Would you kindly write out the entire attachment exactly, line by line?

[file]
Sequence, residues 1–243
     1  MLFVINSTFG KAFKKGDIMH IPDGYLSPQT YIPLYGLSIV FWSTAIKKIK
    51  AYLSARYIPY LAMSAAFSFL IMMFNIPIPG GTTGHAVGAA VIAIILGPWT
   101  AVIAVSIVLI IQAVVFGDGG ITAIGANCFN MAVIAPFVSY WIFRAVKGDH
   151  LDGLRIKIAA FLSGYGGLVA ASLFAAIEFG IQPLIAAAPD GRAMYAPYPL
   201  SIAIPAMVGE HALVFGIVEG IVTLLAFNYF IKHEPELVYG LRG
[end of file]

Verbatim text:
Sequence, residues 1–243
     1  MLFVINSTFG KAFKKGDIMH IPDGYLSPQT YIPLYGLSIV FWSTAIKKIK
    51  AYLSARYIPY LAMSAAFSFL IMMFNIPIPG GTTGHAVGAA VIAIILGPWT
   101  AVIAVSIVLI IQAVVFGDGG ITAIGANCFN MAVIAPFVSY WIFRAVKGDH
   151  LDGLRIKIAA FLSGYGGLVA ASLFAAIEFG IQPLIAAAPD GRAMYAPYPL
   201  SIAIPAMVGE HALVFGIVEG IVTLLAFNYF IKHEPELVYG LRG